One drawback to this approach is that it can reduce employee motivation and employees who feel that they have no say in strategy formulation are unlikely to be very innovative. However the approach can work in smaller companies within stable industries.
Advocates of this approach say that managers who utilize it can gain a valuable perspective from the company and the approach allows these managers to focus their energies on strategy formulation. Second, young managers in particular seem to prefer this approach since it allows them to focus on the quantitative, objective aspects of a situation rather than on the qualitative, subjective elements of behavioral interactions. Many young managers are better trained to deal with the objective rather than the subjective. Finally, such an approach may make some ambitious managers feel powerful in that their thinking and decision making affects the activities of the workforce (people).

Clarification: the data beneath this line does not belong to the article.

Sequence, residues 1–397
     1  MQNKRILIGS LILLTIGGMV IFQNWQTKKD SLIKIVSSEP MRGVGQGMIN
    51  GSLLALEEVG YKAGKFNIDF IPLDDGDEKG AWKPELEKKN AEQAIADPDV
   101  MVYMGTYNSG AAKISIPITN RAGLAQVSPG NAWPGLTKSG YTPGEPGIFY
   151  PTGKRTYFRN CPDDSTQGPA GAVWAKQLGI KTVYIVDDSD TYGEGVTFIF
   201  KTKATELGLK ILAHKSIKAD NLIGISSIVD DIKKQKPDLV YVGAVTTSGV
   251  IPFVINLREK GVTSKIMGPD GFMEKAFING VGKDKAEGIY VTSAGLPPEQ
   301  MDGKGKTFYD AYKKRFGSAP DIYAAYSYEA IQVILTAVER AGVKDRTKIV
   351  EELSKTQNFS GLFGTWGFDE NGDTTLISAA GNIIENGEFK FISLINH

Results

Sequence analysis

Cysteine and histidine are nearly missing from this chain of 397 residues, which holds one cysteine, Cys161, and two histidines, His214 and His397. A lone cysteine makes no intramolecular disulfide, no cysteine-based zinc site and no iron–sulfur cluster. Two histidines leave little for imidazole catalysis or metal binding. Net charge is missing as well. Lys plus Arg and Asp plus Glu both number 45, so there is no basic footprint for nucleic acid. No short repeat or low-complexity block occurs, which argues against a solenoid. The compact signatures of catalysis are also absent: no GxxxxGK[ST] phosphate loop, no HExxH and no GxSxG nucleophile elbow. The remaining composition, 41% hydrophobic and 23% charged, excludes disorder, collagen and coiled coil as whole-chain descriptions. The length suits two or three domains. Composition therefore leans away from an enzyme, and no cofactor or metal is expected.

Organizational change approach
· Focuses on the organization
· Behavioral tools are used
· Includes focusing on the organization’s staffing and structure
· Often more effective than Commander
· Used to implement difficult strategies
Organizational change approach
· Managers don’t stay informed of changes occuring within the environment
· Doesn’t take politics and personal agendas into account
· Imposes strategies in a “top-down” format
· Can backfire in rapidly changing industries